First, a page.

Amal traveled to Africa, excited to help the owner of an agricultural processing plant increase efficiency and production.
When conditions on the ground forced changes to the project, she turned her talents to the company’s most immediate needs and received a real-life lesson in the challenges facing entrepreneurs in developing economies.
Amal first learned about the Seed program as she was finishing her doctorate.
“There was a lot I was hoping for,” she recalled. “The end of a PhD is a critical time in defining career goals and your future. How do I want to define myself? How do I want to brand myself going into the job market, whether that’s industry or academia?”
As a dual Egyptian/American citizen, her concern over making her contribution took on special significance.
“What I wanted most of all was to see how my engineering skills fit into this world on the African continent, and what impact can I actually have there,” she said.
Amal applied to become a 2016 Seed intern, joining the ranks of Stanford students selected to undertake projects at companies participating in the Seed Transformation Program. The program, which is housed under Stanford Graduate School of Business, offers high-potential leaders based in developing economies a chance to assess their company’s vision, redefine strategies, and make changes toward exponential growth that will create new jobs in their region. Stanford Seed East Africa, based in Kenya, and Stanford Seed West Africa, based in Ghana, eventually will be expanded to include Seed programs in developing economies throughout the world.
Amal was matched with Psaltry International, an agricultural business with 200 employees that focuses on both farm development and the production of food-grade starch from cassava, a plant with an edible root that is a major food staple in the region. Amal arrived at Seed’s Ghana office in June, received an orientation, and was soon escorted to Lagos, Nigeria, by a Seed coordinator. There, she was met by Psaltry CEO Yemisi Iranloye, who accompanied her on the three-hour trip to Psaltry’s rural site. Iranloye, a Christian, was eager to have the input of a Stanford intern — and was intrigued by the young Muslim engineer who had expressed an interest in her company.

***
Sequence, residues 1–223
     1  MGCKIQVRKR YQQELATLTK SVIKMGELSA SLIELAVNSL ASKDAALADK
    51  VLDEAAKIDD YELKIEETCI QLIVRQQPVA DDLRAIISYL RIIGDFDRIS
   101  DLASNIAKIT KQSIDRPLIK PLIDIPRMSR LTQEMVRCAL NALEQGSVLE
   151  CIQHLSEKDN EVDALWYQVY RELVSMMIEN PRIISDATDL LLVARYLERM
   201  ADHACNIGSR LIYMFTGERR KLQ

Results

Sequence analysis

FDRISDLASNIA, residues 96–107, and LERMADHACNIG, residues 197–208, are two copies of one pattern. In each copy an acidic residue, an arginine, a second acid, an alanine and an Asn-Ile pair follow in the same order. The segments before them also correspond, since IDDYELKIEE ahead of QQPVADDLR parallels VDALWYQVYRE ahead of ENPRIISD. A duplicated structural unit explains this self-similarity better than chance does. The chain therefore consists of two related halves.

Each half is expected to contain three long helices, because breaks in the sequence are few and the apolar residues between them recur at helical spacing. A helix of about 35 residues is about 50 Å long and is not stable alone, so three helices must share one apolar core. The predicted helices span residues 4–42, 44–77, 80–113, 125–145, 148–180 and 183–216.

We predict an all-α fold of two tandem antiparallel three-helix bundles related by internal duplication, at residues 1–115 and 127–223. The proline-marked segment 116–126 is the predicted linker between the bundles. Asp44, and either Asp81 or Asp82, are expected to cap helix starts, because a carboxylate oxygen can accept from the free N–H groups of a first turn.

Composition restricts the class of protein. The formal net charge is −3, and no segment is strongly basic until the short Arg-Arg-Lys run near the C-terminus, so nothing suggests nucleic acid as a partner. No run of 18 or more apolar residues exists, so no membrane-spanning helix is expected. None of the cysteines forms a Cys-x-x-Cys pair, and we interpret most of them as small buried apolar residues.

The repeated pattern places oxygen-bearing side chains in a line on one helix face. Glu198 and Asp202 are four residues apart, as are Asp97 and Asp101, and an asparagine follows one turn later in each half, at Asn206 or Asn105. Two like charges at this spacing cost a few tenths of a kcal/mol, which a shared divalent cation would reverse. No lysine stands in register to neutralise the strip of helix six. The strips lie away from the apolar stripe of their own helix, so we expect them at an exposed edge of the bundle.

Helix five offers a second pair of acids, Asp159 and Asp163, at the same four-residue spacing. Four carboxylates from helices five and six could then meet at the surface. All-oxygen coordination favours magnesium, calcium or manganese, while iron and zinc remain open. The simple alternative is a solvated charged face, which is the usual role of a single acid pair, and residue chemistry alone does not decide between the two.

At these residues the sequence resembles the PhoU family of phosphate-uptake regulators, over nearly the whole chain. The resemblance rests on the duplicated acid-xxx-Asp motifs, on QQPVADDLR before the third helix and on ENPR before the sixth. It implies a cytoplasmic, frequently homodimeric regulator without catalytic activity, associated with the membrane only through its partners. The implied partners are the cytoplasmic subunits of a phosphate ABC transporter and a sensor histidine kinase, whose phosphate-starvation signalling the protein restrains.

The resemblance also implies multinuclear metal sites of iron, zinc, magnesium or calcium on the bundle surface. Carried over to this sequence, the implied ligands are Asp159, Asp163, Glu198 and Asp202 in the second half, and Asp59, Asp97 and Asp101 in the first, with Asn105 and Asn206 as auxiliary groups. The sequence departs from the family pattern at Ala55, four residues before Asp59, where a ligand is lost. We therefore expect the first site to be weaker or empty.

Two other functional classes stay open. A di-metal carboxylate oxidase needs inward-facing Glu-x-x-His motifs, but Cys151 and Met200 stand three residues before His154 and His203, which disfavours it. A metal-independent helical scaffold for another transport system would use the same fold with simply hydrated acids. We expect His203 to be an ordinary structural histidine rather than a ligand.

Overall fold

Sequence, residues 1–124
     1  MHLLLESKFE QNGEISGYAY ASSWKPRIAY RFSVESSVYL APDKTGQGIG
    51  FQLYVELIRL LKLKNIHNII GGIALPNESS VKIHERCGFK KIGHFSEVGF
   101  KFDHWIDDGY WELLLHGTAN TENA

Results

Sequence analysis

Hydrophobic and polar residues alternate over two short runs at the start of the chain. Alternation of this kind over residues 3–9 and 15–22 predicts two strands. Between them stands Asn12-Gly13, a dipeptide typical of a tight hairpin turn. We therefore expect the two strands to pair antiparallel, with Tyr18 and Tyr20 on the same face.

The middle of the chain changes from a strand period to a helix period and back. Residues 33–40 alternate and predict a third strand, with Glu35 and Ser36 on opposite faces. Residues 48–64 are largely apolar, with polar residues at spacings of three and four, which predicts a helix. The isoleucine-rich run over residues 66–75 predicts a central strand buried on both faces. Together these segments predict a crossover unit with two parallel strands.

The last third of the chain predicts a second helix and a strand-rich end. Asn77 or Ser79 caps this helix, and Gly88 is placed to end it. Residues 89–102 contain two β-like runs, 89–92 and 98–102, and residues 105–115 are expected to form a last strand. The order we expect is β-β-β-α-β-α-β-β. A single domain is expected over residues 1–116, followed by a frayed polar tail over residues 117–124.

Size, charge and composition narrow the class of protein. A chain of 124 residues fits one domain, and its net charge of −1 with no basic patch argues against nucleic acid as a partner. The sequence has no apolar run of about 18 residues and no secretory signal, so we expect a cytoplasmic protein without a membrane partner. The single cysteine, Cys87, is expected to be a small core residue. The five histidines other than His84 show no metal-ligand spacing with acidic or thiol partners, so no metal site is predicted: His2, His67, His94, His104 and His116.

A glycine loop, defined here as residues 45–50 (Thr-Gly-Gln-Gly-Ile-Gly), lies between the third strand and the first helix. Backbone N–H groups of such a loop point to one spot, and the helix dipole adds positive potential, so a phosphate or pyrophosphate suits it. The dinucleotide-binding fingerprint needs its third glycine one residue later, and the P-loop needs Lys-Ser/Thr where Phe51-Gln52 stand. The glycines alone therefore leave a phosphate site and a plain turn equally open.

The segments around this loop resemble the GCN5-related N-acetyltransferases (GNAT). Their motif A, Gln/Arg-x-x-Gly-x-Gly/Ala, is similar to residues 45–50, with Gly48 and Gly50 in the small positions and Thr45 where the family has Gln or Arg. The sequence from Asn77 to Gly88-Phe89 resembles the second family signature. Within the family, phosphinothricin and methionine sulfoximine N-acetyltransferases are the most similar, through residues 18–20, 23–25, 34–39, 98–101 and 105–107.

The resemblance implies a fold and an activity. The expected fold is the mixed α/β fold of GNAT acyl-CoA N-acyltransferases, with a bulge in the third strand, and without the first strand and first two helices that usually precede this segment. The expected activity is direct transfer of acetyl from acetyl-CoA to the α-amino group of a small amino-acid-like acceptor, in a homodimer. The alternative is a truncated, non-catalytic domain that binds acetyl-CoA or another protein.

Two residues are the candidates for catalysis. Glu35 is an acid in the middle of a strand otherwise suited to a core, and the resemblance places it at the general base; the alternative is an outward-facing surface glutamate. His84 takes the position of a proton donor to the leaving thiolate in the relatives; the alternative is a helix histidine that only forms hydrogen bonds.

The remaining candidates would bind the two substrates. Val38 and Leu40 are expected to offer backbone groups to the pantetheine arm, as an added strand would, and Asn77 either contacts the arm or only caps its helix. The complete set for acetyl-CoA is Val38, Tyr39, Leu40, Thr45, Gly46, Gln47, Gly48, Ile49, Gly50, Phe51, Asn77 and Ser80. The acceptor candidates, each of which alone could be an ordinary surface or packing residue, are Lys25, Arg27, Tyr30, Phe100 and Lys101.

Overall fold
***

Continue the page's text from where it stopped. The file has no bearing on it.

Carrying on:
“I wanted new ideas; I wanted somebody to come and look at the business and tell me, ‘This particular thing you’re doing is not good; why don’t you do it this way?’” Iranloye said. “I wanted to be corrected. I wanted her. I wanted this lady who just seemed to want me.”
Amal’s plan — to identify production problems and solve them — hit roadblocks almost immediately.
Spotty internet service made online research painfully slow. Access to materials was difficult, and Amal found herself dependent on others to complete tasks she was accustomed to handling herself. Conveniences taken for granted in the U.S. were often nonexistent.
“Online banking doesn’t always work,” she said. “We had to drive 30 kilometers to the nearest town to come out with huge bags of cash. We’d be driving back terrified, but that’s what you have to do when you can’t transfer money electronically to farmers.”